The Budweiser WayBack
A New American Taste

When Adolphus Busch began brewing Budweiser in 1876, American tastes tended toward the darker, heavier ales prevalent at the time. Yet they welcomed the lightness of Busch’s lager, which also lasted longer than the heavy ales – a desirable trait in the unrefrigerated late – 1800s.

The Budweiser WayBack
Worth The Wait

Lager (from the German lagern, meaning "to rest" is traditionally brewed by allowing it to age in cool caves or cellars. Today, Budweiser is lagered in cold lager tanks for three weeks. It’s an expensive but integral part of creating Budweiser’s clean, refreshing taste.

The Budweiser WayBack
Beechwood Aging

Grown in America, Beechwood is harvested and processed into chips for use in Budweiser’s fermenting process. Beechwood aging enhances fermentation creating a crisper, more sparkling carbonation while imparting smoothness to the characteristic taste of Budweiser. Once the beer’s been bottled, the Beechwood chips are recycled into compost.

The Budweiser WayBack
Quality Like Clockwork

Every day, each Anheuser-Busch Brewery flies a sample of it's beer to St. Louis for a 3 p.m. quality control test by our expert brew masters. Only samples deemed perfect are cleared for bottling. It’s the final step in a series of five separate quality control checks. It’s also your assurance that the next Budweiser you taste is the finest we can possibly make.

The Budweiser WayBack
Perfection In 7 Steps

Since Adolphus Busch perfected the Budweiser recipe in 1876, we haven’t changed a thing. The same goes for brewing The Great American Lager. Sure, the technology has improved, but the essential 7 step process remains as pure today as it was then.

The Budweiser WayBack
Sealed For Greatness

Every bottle of Budweiser is capped with its own Fresh Seal Crown. It’s no ordinary beer cap – it’s designed to eliminate oxygen trapped inside while preserving the freshness and taste of your Budweiser.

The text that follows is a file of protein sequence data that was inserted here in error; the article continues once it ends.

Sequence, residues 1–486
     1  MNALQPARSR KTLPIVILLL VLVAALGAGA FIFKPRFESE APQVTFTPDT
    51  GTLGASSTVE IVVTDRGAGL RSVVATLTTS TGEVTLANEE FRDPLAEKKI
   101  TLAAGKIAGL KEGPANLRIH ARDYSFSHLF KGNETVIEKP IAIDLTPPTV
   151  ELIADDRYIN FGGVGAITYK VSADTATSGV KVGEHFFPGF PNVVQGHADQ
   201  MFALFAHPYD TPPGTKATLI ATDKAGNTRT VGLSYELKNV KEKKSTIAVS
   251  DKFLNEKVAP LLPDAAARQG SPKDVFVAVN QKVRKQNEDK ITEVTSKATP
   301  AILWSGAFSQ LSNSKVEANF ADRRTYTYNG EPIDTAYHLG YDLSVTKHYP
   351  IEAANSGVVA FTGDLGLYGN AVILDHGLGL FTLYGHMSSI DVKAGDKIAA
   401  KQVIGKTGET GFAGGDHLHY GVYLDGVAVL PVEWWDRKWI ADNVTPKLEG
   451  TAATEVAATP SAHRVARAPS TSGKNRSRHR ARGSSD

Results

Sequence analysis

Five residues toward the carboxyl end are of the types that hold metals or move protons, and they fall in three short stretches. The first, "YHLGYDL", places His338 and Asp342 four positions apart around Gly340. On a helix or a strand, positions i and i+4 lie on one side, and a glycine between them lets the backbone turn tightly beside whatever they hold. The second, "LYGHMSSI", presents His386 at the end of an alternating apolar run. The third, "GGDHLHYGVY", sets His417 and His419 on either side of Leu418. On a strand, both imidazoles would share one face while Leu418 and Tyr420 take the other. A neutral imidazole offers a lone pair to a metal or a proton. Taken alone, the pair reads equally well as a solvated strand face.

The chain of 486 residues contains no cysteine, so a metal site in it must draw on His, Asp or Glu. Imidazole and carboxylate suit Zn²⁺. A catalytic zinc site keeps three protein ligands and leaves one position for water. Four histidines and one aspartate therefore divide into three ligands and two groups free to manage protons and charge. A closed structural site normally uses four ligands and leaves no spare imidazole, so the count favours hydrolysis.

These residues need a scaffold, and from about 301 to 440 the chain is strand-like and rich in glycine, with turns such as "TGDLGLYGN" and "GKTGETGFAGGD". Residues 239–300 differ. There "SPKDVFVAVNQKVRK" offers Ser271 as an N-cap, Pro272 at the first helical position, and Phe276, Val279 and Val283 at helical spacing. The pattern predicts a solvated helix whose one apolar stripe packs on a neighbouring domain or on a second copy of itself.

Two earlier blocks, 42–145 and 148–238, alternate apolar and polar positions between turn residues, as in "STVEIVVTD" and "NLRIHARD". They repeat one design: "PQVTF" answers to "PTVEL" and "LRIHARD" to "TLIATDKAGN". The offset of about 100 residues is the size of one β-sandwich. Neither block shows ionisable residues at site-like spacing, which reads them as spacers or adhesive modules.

The Budweiser WayBack
Born On Date

With a standard pull date, you never know when a beer was made – only that it’s no longer drinkable. Our “Born On” date tells you exactly when your Budweiser was brewed. It’s our way of ensuring that each time you pick up a cold one, it’s as fresh as it can possibly be.

our legacy


Freedom. Opportunity. Progress. Words that seized the imaginations of people all over the world and brought them to the Land of Liberty. It’s a uniquely American story, told in chapter after chapter of hardship, hard work, and hard-won success. The Budweiser story is no exception.


The story of Budweiser is truly the story of one man's dream – Adolphus Busch. The son of a well-to-do German, he introduced Americans to the taste of Bohemian lager and forever change the way we think about, brew, and enjoy beer.

3Budweiser: The Revolution
1Adolphus’s Dream
2The Dream Comes To Light
Adolphus Busch Back
adolphus's dream

Adolphus Busch arrived in America in 1857 and soon founded his own brewing supply house. Not long thereafter, in partnership with his father-in-law, the Anheuser-Busch Company was born. Anheuser had been brewing Bavarian-style lager for some time, but Adolphus’ dream was to create a new taste – a truly American beer with national appeal.

Adolphus BuschBack
The Dream
comes to light

In the mid 1800s, Americans preferred robust, dark ales and some lighter Bavarian style lagers, but no brewer had captured the flavor of the American lifestyle and culture in an original way. Seeing the need for a truly new taste, Adolphus Busch began brewing Bohemian lager – even lighter than the Bavarians, and a stark contrast to the ales. Its name – Budweiser Lager Beer.


Top fermented Darker and heavier Fruity character!


Bottom fermented Pale or clear Crisp, smooth taste!